Amram Tropper, “The State of Mishnah Studies,” Rabbinic Texts and the History of Late-Roman Palestine, ed. Martin Goodman & Philip Alexander (Oxford: Oxford University Press, 2010), 100. 

The analysis of the halakhah in the Mishnah commenced already in tannaitic times (see Henshke 1997) and has continued unabated until today. The Talmuds and their medieval commentators are well known for their attempts to reveal and interpret the legal concepts and principles underlying mishnaic halakhah. In contrast, modern historians have sometimes interpreted mishnaic halakhah, and halakhah more generally, as responses to historical factors, such as political or socio-economic crises. A potential drawback of this historical approach to the halakhah is the risk of viewing legal concepts and reasoning as little more than ex post facto rationales for laws generated primarily by contemporary historical realities (see Hayes 1997: 3-9, 17-24; Soloveitchik 1978: 174-175). Seeing halakhah primarily as a response to political or socio-economic crises risks minimising the significance of internal legal considerations and ignoring the nuanced relationships of halakhah to reality, “the patterns of resistance and response, of attentiveness and indifference” (Soloveitchik 1978: 174). Thus, contemporary studies of halakhah often seek to avoid these drawbacks in two ways: they highlight the legal reasoning and hermeneutics which justify the halakhah and refine the historical approach with methods designed to produce more compelling interpretations.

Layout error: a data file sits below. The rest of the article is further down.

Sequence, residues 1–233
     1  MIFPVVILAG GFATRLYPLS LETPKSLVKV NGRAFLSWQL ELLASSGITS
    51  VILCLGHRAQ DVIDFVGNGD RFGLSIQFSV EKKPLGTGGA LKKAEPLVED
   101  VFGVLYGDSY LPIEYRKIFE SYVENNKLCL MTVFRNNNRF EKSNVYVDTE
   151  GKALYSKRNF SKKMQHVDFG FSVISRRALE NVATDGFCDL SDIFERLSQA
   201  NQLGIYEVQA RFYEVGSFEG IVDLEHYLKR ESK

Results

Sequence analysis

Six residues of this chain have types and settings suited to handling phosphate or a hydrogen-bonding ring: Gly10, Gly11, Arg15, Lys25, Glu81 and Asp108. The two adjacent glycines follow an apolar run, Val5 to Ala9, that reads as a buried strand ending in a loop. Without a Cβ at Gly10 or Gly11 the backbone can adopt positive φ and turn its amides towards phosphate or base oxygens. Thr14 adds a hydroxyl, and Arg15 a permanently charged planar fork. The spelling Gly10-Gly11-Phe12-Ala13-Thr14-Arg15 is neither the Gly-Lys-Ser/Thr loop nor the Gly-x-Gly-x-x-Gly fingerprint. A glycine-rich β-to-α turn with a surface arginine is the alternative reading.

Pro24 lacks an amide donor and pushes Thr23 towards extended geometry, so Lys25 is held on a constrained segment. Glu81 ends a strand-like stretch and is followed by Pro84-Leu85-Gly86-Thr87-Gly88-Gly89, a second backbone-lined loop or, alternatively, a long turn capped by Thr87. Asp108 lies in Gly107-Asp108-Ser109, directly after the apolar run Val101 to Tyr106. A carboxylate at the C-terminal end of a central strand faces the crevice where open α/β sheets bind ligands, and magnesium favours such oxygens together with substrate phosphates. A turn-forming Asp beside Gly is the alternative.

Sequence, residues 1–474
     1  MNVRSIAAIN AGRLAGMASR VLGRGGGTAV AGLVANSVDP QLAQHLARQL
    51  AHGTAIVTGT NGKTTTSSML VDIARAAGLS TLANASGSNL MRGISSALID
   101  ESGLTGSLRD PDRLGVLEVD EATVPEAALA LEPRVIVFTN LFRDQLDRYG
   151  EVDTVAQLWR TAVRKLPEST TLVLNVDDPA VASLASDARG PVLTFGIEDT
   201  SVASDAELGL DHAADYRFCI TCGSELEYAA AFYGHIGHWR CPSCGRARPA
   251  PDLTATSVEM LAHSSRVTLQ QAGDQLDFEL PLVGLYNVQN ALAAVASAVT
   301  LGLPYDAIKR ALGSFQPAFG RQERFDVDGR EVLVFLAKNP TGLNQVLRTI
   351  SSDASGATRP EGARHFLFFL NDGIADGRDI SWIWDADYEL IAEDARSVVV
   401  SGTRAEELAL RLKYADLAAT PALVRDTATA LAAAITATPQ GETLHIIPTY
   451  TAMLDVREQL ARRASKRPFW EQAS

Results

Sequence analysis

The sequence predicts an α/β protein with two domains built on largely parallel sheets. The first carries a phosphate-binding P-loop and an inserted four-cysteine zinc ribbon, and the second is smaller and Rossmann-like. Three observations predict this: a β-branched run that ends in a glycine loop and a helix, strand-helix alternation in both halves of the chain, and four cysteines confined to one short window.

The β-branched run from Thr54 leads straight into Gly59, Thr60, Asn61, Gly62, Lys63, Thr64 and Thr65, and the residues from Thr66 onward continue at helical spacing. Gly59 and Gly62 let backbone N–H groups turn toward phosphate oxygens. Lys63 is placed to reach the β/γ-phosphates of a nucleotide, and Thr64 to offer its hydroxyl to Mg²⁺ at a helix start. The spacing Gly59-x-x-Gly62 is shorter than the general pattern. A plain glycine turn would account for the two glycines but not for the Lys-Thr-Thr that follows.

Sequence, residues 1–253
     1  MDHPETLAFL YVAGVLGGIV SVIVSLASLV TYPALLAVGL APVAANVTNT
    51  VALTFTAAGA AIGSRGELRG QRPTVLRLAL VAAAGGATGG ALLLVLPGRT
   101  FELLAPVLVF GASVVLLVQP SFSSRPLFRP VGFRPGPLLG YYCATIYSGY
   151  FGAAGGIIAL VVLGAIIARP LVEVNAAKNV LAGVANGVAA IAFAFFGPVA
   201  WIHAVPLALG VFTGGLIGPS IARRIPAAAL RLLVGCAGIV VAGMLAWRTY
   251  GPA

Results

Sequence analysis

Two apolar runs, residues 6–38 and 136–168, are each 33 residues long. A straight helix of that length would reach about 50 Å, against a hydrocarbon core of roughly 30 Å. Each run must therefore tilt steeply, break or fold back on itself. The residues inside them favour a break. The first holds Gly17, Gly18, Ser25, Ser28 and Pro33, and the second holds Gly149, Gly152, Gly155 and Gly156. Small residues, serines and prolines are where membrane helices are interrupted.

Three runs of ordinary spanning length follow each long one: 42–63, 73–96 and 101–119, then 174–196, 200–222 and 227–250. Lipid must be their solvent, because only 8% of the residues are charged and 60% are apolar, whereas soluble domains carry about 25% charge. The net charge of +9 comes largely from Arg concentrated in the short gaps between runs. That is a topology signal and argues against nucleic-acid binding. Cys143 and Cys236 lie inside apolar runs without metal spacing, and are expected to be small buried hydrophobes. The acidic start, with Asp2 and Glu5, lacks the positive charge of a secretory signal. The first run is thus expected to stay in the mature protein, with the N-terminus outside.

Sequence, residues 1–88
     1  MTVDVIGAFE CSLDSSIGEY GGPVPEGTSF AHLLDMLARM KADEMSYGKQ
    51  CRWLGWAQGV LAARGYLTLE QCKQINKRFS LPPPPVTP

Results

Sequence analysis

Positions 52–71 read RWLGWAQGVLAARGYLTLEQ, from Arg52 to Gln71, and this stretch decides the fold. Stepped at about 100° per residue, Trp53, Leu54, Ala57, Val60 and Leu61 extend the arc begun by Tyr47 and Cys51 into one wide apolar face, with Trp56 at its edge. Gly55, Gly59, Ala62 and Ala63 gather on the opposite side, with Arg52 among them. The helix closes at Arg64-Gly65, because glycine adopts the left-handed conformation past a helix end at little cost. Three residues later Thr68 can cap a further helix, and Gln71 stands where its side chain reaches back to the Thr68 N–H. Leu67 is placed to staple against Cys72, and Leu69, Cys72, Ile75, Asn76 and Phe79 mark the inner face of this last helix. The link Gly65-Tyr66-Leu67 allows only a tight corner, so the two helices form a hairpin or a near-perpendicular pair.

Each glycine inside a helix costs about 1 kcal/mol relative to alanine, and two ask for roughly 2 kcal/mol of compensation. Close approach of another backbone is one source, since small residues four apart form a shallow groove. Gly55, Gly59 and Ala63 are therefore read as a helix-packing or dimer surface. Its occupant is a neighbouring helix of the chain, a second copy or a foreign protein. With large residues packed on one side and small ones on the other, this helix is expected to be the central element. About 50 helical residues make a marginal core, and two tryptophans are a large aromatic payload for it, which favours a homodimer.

Amram Tropper, “The State of Mishnah Studies,” Rabbinic Texts and the History of Late-Roman Palestine, ed. Martin Goodman & Philip Alexander (Oxford: Oxford University Press, 2010), 100. 

The Mishnah is primarily an edited anthology of brief and often elliptical pronouncements on matters of Jewish law and practice, frequently providing conflicting views on the individual matters discussed. Some of these pronouncements are attributed to a named rabbi, or group of anonymous rabbis, while others are entirely anonymous. While the content often relates to scripture, the form is not midrashic.

Amram Tropper, “The State of Mishnah Studies,” Rabbinic Texts and the History of Late-Roman Palestine, ed. Martin Goodman & Philip Alexander (Oxford: Oxford University Press, 2010), 91. 

In those Tosefta layers which parallel the Mishna, the same names of Tannaim appear as in the Mishna and approximately in the same frequency.

Abraham Goldberg, “The Tosefta – Companion to the Mishna,” in The Literature of the Sages…, Ed. Shmuel Safrai (Assen/Mastricht: Van Gorcum & Philadelphia: Fortress Press, 1987), 295.